Lambda Expressions

Lambda expressions provide the simplest and shortest way to define anonymous functions.  Java Swing frequently uses anonymous functions for event handling.

Lambda expressions define the body of Functional Interfaces.

An interface that has only one abstract method, is called Functional Interface. It can be annotated by @FunctionalInterface annotation.

Let's define HelloInt functional interface that has an abstract method say() :
@FunctionalInterface
interface HelloInt {
public void say();
}

Now define interface definition using old anonymous function approach: 

HelloInt aFun = new HelloInt() {
public void say() {
System.out.println("Hello Anonymous Function");
}
};

aFun.say();

Let's define the anonymous function using Lambda expression:  

HelloInt lambFun = () -> System.out.println("Hello Lambda");
lambFun.say();

The above example, clearly shown the shortest code of an anonymous function definition. The only condition is interface must have a single abstract method.  In other words, the interface must be a Functional Interface.

Few  most frequently used functional interfaces are  java.lang.Runnable and  java.lang.Comparable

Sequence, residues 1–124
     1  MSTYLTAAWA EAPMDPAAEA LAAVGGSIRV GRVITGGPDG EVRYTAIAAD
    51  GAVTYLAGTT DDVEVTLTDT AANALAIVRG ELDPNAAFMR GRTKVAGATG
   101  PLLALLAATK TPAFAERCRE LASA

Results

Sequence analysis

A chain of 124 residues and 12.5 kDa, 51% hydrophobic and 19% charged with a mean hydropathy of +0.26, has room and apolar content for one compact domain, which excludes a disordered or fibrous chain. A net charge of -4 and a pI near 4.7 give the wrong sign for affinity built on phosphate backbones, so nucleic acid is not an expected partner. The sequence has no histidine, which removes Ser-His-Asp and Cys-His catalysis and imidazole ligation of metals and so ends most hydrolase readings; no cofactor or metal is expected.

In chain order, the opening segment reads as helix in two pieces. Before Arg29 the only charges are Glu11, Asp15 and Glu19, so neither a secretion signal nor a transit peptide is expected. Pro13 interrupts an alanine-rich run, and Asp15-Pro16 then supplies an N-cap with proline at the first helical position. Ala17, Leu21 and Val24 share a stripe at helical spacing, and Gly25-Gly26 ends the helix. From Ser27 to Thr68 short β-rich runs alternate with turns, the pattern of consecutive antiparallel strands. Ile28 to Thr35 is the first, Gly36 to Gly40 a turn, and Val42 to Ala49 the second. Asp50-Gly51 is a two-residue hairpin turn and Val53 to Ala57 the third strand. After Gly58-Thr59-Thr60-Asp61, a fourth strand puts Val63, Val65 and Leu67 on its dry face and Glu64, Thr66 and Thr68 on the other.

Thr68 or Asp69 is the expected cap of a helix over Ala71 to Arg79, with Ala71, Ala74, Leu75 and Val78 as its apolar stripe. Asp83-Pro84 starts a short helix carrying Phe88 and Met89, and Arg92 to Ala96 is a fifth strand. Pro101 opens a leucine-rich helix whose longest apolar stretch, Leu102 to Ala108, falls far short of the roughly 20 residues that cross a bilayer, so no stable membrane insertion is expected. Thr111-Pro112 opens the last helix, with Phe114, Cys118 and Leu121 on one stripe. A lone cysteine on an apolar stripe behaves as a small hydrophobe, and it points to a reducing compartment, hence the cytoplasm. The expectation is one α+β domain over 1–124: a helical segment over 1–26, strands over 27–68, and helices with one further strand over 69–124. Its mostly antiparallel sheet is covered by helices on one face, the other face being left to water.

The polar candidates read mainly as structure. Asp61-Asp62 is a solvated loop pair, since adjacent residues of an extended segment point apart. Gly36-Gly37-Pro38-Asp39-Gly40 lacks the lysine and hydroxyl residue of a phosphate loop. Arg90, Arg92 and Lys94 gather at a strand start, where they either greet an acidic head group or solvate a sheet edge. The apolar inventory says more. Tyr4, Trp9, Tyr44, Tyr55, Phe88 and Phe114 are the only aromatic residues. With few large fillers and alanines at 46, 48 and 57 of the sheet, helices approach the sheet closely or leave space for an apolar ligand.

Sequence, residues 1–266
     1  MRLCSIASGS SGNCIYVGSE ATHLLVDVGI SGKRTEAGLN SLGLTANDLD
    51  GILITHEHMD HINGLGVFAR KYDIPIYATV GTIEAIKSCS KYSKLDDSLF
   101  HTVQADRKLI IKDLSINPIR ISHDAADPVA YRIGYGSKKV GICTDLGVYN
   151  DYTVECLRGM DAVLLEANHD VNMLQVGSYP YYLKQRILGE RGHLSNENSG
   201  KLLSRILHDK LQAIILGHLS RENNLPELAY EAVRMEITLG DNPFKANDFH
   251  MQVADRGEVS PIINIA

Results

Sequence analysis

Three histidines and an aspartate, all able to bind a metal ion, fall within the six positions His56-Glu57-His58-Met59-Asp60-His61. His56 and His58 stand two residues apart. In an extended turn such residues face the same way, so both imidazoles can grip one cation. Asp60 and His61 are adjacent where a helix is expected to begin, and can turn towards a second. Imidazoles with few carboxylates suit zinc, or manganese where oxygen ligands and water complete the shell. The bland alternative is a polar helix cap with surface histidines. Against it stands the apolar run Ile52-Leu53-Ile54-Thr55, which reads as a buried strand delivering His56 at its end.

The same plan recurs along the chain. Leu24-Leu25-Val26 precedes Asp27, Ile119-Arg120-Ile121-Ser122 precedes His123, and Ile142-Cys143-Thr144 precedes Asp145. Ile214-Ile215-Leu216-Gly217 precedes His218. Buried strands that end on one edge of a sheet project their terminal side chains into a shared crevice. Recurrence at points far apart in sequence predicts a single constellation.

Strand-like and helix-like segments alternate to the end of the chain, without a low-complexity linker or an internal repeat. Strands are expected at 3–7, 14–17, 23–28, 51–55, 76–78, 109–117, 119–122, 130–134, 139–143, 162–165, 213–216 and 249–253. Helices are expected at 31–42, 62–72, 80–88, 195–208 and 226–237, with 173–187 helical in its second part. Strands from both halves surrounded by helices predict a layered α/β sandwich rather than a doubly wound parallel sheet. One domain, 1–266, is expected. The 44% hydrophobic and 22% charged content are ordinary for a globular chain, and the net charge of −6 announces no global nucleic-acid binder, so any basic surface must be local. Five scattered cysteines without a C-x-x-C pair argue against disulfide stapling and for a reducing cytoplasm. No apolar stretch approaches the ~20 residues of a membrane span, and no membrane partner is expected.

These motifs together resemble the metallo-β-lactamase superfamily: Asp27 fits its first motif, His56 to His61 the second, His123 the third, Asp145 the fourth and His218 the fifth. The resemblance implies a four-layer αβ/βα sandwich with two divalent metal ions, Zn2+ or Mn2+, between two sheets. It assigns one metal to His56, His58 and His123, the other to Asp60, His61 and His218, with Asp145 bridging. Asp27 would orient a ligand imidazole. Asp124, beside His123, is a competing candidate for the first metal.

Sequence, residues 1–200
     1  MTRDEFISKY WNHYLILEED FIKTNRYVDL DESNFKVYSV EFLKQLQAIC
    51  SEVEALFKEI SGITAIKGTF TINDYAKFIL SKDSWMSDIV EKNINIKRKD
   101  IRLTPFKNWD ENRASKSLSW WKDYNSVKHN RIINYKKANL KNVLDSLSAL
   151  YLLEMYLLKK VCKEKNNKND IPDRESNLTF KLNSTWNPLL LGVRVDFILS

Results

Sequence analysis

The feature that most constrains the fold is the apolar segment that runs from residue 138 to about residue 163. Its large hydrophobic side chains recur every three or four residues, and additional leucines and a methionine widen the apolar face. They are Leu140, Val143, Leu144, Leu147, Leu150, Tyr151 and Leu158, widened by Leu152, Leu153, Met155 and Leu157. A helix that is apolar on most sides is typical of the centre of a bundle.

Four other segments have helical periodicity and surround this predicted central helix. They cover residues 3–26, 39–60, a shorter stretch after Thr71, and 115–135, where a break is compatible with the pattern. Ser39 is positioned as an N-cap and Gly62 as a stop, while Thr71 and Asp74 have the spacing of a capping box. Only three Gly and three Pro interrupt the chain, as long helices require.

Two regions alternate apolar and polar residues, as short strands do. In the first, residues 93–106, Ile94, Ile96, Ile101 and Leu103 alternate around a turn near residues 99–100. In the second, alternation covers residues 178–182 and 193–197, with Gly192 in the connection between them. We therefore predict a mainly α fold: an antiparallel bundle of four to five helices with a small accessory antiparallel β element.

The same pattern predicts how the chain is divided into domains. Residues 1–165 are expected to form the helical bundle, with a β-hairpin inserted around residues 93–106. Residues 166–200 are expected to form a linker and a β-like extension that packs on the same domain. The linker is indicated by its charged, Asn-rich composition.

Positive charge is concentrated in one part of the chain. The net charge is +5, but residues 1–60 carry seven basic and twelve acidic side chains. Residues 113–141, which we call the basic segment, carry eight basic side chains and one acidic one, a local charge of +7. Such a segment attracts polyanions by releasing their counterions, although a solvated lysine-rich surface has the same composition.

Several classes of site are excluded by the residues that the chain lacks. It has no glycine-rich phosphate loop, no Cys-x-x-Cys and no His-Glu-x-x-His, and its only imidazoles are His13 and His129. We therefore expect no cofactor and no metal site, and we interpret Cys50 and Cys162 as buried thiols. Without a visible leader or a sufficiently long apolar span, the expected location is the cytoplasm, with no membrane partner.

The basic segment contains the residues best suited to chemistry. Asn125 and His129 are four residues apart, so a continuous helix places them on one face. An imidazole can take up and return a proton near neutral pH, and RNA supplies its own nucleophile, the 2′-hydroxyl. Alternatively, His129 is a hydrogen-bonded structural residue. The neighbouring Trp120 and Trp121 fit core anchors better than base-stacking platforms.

Lambda Expression Syntax:

A lambda expression is composed of three parts.

 Argument List Arrow Token Body Remark
 () -> System.out.println("Hello Lambda") No parameters 
 x -> System.out.println(x) Single Parameters 
 (x, y) -> return x+y     Muti parameters 
 (x, y) ->{
     x +=2;
     return x*y;
}
 Body with multiple statements 


Lambda expressions may have zero or more arguments. The body can be either a single expression or a statement block. 

Let's define MathInt functional interface with multiple parameters.  It will have multiple lambda definitions to calculate add, subtract, and multiply of two numbers:

@FunctionalInterface
interface MathInt {
public int calculate(int a, int b);
}

MathInt add = (a, b) -> {
return a + b;
};
MathInt multiply = (a, b) -> {
return a * b;
};
MathInt subtract = (a, b) -> {
return a - b;
};

int a = 10;
int b = 5;
System.out.println("Add " + add.calculate(a, b));
System.out.println("Multiply " + multiply.calculate(a, b));
System.out.println("Suntract " + subtract.calculate(a, b));


Method References as Lambdas

Java lambda implementation provides a shorter way to express the method call.  

Here is an example of a method reference.
@FunctionalInterface
interface GreetingInt {
public void hello(String name);
}
GreetingInt g = System.out::println;
g.hello("Ram");
g.hello("Shyam");

Above example passes println() method reference with the help of double colon (::). It tells the Java compile that method will be applied to the passed parameter of the method.
GreetingInt g = System.out::println;
is the replacement of 
GreetingInt g = (n) -> System.out.println(n);

You can reference the following types of methods:
  1. Static method
  2. Instance method on parameter objects
  3. Instance method
  4. Constructor
Example Source Code



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